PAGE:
Wednesday, November 28, 2018

Staying warm with Outdoor Vitals' StormLoft down quilt

Once the maple leaves finish falling and days grow darker earlier, you probably keep an eye on that temperature rating when shopping for new outdoor gear.

The essential magical material idolized in any form of outdoor recreation whether it be skiing, backpacking, hiking, or even fat tire biking; is goose or duck down. Years ago when I was first starting to collect various pieces of outdoor gear for my arsenal, I remember holding off on buying anything down, feared by prices often more expensive than gear made with synthetic material. Then one day I headed to my nearby Erehwon and came home with a down jacket from Mountain Hardwear. On a chilly October hike in Rocky Mountain National Park, I quickly realized the many benefits of having down: plenty of warmth minus all the obnoxious bulk. Plus, I could compactly stow away my jacket with ease. Then, before departing on a two-week endeavor to Iceland, where I'd be sleeping either in a tent or sprawled across the backseat of my rental Suzuki Jimny 4x4 every night, I bought a 0° F down sleeping bag from Outdoor Vitals, a small outdoor gear maker in Cedar City, Utah. I've had their sleeping bag for two years now and it's been on multiple fall and winter outings, some where temperatures plunged below -15° F. It's been absolutely perfect and I would recommended this bag (and any Outdoor Vitals product for that matter) to anyone looking to extend their outdoor rec calendar into the wonderful shoulder season.

The team at Outdoor Vitals recently sent me two new products to test and review on my blog: their Dominion two-person backpacking tent along with the StormLoft Topquilt made of down and rated to 15° F. Stay tuned for a review of the tent coming within the next month, but for now let's look at this awesome quilt. At first I didn't quite understand the point of a quilt until this arrived and I put it to use on a quick overnight trip to Wisconsin's Kohler-Andrae State Park. After reheating a bowl of Thanksgiving leftovers on my camping stove, I sought refuge in my tent from the arrival of the late evening winds. By headlamp, I unpacked the StormLoft Topquilt from its stuff sack and flung it out.

I was amazed at how big the StormLoft Topquilt is. Outdoor Vitals sent me the long size being I'm 6'2ft and overall it fit me perfectly. The outer side is black, while the inner side is a cool dark blue. It's absolutely unreal how light this thing is, weighing only 1 lb 10 oz, more than a full pound less than my mentioned already-lightweight down sleeping bag. But don't let this quilt's lack in weight fool you, it's heat rivals that of an electric blanket on high. To avoid a bit of an overkill, I purposely left my 0° F down sleeping bag at home and brought my ALPS Mountaineering Desert Pine sleeping bag, (rated to 20° F) in hopes to try the fluffy StormLoft Topquilt as a liner for added warmth it.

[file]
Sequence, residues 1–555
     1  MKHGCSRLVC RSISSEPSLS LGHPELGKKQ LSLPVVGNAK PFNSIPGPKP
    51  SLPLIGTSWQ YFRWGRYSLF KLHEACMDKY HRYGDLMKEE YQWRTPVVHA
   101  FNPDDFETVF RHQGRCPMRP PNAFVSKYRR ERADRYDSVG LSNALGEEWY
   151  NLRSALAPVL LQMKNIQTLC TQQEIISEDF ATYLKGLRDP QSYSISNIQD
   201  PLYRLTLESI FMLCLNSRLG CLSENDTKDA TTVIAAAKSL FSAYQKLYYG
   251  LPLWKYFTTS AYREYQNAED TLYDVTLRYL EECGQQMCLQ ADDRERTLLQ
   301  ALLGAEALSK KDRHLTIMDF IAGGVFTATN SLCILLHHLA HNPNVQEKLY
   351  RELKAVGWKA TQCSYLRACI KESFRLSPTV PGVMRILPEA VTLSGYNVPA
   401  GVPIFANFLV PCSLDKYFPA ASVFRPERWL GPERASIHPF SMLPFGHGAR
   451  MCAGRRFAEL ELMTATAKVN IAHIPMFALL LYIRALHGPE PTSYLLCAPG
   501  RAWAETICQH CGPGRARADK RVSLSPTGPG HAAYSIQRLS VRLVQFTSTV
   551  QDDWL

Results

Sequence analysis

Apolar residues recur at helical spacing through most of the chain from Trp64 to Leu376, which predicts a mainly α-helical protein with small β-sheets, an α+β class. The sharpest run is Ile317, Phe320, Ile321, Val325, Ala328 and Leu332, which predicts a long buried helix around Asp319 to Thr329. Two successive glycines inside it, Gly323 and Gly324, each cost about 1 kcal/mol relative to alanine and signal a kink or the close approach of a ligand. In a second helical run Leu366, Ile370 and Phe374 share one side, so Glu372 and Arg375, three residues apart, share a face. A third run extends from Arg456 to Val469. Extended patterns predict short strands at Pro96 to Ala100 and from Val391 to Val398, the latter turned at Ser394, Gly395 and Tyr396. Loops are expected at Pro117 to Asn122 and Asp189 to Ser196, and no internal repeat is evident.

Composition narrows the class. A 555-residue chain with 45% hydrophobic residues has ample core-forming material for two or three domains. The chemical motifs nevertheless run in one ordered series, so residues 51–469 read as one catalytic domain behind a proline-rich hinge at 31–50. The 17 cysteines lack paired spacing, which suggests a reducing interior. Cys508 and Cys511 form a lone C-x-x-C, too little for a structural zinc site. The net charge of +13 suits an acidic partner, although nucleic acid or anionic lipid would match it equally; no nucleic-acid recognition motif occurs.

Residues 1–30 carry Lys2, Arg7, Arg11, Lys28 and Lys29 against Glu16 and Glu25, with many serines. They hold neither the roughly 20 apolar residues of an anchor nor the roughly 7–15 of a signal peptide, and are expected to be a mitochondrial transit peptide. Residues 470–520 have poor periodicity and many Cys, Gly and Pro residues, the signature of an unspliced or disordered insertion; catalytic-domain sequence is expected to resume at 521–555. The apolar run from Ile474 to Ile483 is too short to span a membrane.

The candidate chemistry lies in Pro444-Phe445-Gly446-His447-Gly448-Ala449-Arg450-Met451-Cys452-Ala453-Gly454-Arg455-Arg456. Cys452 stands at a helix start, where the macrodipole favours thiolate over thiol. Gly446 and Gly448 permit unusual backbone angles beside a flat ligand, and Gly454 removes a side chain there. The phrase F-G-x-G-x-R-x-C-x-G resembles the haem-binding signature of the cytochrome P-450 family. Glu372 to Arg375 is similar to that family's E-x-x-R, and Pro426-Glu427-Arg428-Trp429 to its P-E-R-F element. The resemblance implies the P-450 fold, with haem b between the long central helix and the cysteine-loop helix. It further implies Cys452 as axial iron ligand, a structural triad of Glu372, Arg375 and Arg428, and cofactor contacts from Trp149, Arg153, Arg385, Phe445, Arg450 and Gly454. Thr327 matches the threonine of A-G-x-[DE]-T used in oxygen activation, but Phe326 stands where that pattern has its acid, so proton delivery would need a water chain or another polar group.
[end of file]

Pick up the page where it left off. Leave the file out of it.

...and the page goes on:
A few facts about this quilt:
  • Rated to 15° Fahrenheit, 9° Celsius
  • It's made of 800+ fill down and DWR-treated so it's water repellent
  • The regular size measures 6ft tall by 54in wide, Long is 6.6ft tall by 56in wide
  • Stuff sack is included and size measures 10in tall by 6in wide
  • There's Lifetime warranty included
And warm did it get! The liner is so pillow-light that it doesn't feel as if it's stuck to you like saran wrap and moved freely within my sleeping bag You can also fasten it together using a few snap buttons and clips, which would be the ideal choice when using it on its own without a sleeping. The entire night, this StormLoft Topquilt provided my body with a welcomed extra layer of heat as temperatures dropped into the low twenties.

I can easily see the StormLoft Topquilt being a no-brainer as there are several uses and applications for it. Wrap yourself in it for added insulation while spending the night in a hammock, use it as a liner for your sleeping bag like I did, wear it around you like a blanket while you sit with a mug of coffee early in the morning, or if you're looking to go ultra lightweight, leave that bulky sleeping bag at home and just rely on the StormLoft Topquilt instead. Since it's so light and impressively comfortable, I'd recommend this to anyone who loves to get outdoors no matter the season.

Put one of these in gear closet, or on your Christmas wishlist.


Price: $215

[Disclaimer: Outdoor Vitals provided this new product for the purpose of this review.]